Vincent Beaumesnil, ACO Sports Director, answers our questions on the second-generation LMP3 class.
The sales price of an LMP3 car has risen. Why the price hike?
The next version of LMP3 is not more expensive. In fact, it is very cost-effective. Let’s look at the two possibilities: a team already competing in LMP3 and a new entrant, who has to buy a new car.
The team that already competes will be able to field a safer, more modern, better-performing car for an investment of €84,500 (chassis kit + engine + gearbox upgrade) over a five-year cycle, so an annual cost of €16,500.
In other disciplines, the regulations require a change of car every four or five years. We wanted to avoid that as it would have meant 170 unusable cars with each team forced to invest €239,000 to embark on a new five-year cycle. Instead, current teams can significantly upgrade their cars for an annual cost of €16,500. The kit seemed the obvious choice because all the manufacturers selected for phase 2 have already produced LMP3 cars.
For new arrivals, just compare the LMP3 offering (cost/performance) with disciplines with similar criteria. For example, in GT3, which has a worldwide following, the cars are three (on a standard circuit) to five (at Le Mans) seconds slower than an LMP3 for a purchase price of around €400,000 and, depending on model, unregulated costs for spare parts, which is not the case in LMP3. The only discipline that can match LMP3 in terms of cost is GT4 (€200,000 for an Audi R8 LMS GT4) but there is no comparison on a technical or performance level because GT4s are 10-15 seconds slower per lap.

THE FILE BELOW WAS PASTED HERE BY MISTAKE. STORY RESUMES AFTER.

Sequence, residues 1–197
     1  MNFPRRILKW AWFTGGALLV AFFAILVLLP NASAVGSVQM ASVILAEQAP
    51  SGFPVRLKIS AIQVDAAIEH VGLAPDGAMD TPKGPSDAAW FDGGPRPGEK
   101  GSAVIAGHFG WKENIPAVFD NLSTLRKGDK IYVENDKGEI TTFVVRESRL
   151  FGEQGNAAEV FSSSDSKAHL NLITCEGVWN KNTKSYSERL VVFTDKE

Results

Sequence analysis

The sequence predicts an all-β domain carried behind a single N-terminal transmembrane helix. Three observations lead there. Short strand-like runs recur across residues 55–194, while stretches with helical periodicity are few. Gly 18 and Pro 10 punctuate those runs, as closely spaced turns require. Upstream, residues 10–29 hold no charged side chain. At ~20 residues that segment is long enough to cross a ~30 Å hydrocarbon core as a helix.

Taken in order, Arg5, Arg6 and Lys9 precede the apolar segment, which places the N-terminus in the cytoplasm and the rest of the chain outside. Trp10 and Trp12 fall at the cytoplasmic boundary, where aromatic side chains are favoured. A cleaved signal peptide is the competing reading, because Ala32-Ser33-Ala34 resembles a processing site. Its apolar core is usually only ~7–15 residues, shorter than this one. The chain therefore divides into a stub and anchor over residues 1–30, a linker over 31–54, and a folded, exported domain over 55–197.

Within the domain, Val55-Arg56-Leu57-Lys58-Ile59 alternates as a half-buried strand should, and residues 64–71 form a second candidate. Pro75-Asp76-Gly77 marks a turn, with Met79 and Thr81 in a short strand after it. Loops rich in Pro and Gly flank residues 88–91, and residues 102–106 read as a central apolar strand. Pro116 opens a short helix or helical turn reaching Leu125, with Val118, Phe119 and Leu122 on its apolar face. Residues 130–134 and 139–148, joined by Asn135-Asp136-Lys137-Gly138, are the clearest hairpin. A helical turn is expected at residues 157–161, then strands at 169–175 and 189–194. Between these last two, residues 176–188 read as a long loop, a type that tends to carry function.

Can you tell us a bit more about the services, the customer support and the technical passport? How much support do teams get when they field a car?
Each chassis manufacturer will provide customer support at every race run under the ACO banner. This is mandatory whenever a manufacturer has at least three cars entered in a race. There will be technical support and a spare parts service at the circuit so there is no need to block funds to store and transport parts (parts are invoiced 10% more at the circuits). Customer service costs €500 per race in Europe and €700 per race elsewhere at ACO races (ELMS, Asian LMS, Michelin Cup and Road to Le Mans). A system encouraging technical support may also be introduced at ACO-approved races on a case-by-case basis, to meet the specific requirements of each series. Powertrain customer service is subject to the same rules and rates.
The cost of these services is capped and regulated and will help teams make significant savings on certain expenses. Each car also benefits from an ACO technical passport which guarantees traceability and crucial personalised follow-up to ensure technical quality. This comes with a loyalty scheme where points are awarded for entry in a race: 2 points for an ACO race (ELMS, Asian LMS, Michelin Le Mans Cup and Road to Le Mans), and 1 point for an ACO-approved race (other series).
When a car attains 30 points, the legal entity or person that officially holds the technical passport is awarded €6,000. So LMP3 is not only competitive but there is a real incentive to take part.